Intel tested the 11980HK in an undisclosed OEM pre-production system with an RTX 3080 set at a 155W threshold, while the AMD Ryzen 9 5900HX resided in a Lenovo Legion R9000K with an RTX 3080 dialed in at 165W. Given that we don't know anything about the OEM system used for Intel's benchmarks, like cooling capabilities, and that the company didn't list the TDP for either chip, take these benchmarks with a shovelful of salt.

Intel also provided benchmarks with the Core i5-11400H against the Ryzen 9 5900HS, again claiming that its eight-core chips for thin-and-lights offer the best performance. However, here we can see that the Intel chip loses in three of the four benchmarks, but Intel touts that its "Intel Sample System" is a mere 16.5mm thick, while the 5900HS rides in an ASUS ROG Zephyrus G14 that measures 18mm thick at the front and 20mm thick at the rear. 

Intel's message here is that it can provide comparable gaming performance in thinner systems, but there's not enough information, like battery life or other considerations, to make any real type of decision off this data. 

Intel Tiger Lake-H Application Benchmarks

Here we can see Intel's benchmarks for applications, too, but the same rules apply — we'll need to see these benchmarks in our own test suite before we're ready to claim any victors. Also, be sure to read the test configs in the slides below for more details.

Intel's 11th-Gen Tiger Lake brings support for AVX-512 and the DL Boost deep learning suite, so Intel hand-picks benchmarks that leverage those features. As such, the previous-gen Comet Lake-H comparable is hopelessly hamstrung in the Video Creation Workflow and Photo Processing benchmarks.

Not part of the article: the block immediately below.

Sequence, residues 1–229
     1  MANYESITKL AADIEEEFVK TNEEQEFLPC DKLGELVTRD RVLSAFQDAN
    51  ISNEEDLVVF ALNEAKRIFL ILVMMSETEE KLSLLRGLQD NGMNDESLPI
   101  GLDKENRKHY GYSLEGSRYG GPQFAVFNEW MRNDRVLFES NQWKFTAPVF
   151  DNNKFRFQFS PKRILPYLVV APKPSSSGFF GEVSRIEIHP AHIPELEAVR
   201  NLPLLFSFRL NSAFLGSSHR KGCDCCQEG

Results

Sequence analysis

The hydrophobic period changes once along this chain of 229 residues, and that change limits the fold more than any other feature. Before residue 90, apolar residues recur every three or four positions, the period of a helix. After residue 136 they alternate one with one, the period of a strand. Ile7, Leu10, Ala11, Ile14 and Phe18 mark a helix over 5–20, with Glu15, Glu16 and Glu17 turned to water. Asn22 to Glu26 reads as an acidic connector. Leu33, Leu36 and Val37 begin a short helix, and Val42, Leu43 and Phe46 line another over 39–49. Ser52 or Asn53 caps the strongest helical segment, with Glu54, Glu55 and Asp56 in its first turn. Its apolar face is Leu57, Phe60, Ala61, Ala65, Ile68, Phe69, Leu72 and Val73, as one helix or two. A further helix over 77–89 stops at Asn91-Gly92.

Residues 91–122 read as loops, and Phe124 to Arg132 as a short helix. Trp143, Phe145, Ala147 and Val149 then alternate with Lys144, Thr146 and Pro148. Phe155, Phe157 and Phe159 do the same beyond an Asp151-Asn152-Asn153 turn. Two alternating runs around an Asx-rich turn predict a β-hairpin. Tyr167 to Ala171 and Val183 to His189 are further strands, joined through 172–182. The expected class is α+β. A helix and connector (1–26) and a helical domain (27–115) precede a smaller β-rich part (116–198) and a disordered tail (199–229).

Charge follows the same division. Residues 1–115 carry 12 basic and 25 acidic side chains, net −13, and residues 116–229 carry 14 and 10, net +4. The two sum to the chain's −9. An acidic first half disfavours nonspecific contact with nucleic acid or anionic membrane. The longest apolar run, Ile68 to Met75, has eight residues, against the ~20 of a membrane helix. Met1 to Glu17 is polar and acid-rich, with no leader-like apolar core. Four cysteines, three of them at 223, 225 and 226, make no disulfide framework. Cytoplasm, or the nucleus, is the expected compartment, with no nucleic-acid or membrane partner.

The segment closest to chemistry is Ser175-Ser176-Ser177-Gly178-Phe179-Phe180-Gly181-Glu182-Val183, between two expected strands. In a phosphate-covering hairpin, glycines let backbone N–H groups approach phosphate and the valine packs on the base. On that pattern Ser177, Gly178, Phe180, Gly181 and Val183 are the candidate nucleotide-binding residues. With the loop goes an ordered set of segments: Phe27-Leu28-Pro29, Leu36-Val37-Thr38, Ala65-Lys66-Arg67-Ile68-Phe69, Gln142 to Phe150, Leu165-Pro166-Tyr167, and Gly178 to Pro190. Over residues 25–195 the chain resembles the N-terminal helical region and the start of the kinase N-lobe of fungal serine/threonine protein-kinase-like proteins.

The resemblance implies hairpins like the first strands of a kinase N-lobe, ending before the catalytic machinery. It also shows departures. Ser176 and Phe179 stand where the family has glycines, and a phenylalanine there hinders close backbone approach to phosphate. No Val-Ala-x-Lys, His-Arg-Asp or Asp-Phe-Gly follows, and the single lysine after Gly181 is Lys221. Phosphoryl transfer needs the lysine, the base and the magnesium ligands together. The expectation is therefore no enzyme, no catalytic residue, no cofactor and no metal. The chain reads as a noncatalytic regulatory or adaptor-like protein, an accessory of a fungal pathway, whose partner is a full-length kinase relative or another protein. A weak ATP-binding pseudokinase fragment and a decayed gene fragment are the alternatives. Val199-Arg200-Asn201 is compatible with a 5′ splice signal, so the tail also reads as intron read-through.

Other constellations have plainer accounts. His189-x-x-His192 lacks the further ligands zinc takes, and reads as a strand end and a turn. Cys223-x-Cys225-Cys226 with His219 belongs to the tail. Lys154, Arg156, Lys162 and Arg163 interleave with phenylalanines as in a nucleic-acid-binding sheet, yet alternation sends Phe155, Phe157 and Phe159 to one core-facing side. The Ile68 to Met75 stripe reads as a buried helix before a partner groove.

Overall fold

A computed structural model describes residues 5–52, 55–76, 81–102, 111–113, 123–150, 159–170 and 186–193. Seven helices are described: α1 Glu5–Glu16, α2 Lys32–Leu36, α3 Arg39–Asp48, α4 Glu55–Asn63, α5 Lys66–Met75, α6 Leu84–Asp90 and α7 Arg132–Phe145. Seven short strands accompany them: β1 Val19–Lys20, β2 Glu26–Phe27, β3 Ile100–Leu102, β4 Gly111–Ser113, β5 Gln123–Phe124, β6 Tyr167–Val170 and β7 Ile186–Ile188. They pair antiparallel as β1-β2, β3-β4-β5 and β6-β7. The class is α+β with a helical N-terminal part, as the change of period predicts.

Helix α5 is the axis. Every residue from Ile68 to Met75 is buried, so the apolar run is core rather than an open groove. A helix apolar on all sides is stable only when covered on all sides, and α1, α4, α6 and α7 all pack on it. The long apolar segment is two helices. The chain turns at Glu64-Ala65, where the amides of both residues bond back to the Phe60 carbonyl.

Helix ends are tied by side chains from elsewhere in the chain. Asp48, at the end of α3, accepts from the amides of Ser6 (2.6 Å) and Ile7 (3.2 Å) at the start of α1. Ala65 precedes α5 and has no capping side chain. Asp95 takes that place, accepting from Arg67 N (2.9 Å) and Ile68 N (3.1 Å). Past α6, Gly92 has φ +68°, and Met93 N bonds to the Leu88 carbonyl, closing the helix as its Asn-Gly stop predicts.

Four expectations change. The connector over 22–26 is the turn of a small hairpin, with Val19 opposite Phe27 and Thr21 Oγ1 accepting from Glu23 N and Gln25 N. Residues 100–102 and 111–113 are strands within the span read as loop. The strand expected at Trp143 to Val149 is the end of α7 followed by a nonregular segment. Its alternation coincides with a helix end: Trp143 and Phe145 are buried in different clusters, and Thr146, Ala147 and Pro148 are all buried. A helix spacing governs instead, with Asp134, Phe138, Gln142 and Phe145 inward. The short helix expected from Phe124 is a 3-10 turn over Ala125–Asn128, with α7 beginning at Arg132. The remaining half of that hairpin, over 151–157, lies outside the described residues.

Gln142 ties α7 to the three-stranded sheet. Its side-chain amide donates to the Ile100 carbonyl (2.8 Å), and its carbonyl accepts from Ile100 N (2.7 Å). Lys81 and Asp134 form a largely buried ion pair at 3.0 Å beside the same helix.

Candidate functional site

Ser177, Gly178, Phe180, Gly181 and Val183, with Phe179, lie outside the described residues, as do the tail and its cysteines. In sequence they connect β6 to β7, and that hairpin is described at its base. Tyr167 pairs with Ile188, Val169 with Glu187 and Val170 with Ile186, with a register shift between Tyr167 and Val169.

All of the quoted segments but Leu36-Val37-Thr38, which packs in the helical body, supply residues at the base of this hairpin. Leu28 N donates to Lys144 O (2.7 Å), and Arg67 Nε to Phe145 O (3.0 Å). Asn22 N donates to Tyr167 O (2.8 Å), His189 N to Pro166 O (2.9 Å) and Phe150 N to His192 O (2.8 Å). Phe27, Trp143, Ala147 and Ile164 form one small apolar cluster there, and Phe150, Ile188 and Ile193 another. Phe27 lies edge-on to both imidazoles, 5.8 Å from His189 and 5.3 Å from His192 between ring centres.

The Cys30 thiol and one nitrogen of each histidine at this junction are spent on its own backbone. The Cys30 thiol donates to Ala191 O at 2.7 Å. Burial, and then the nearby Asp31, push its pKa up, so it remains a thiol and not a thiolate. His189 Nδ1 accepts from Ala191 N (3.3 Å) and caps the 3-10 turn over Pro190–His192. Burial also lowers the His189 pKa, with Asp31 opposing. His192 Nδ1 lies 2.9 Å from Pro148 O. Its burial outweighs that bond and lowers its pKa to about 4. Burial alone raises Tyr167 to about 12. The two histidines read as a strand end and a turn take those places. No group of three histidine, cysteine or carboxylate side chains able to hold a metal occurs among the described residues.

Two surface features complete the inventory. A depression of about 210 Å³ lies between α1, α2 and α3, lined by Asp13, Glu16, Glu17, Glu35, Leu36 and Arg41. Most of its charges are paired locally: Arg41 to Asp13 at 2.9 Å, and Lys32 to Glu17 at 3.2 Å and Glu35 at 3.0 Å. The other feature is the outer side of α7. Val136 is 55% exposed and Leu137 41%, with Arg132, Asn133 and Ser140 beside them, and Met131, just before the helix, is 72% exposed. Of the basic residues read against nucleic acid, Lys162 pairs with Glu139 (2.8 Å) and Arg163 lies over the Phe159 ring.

We can say much the same about the comparison benchmarks with the Ryzen 9 5900HX. As a result of Intel's insistence on using AI-enhanced benchmarks, these benchmarks are largely useless for real-world comparisons: The overwhelming majority of software doesn't leverage either AI or AVX-512, and it will be several years before we see broad uptake.

As noted, Intel says the new Tiger Lake-H chips will come to market in 80 new designs (15 of these are for the vPro equivalents), with the leading devices available for preorder on May 11 and shipping on May 17. As you can imagine, we'll also have reviews coming soon. Stay tuned. 

Paul Alcorn
Managing Editor: News and Emerging Tech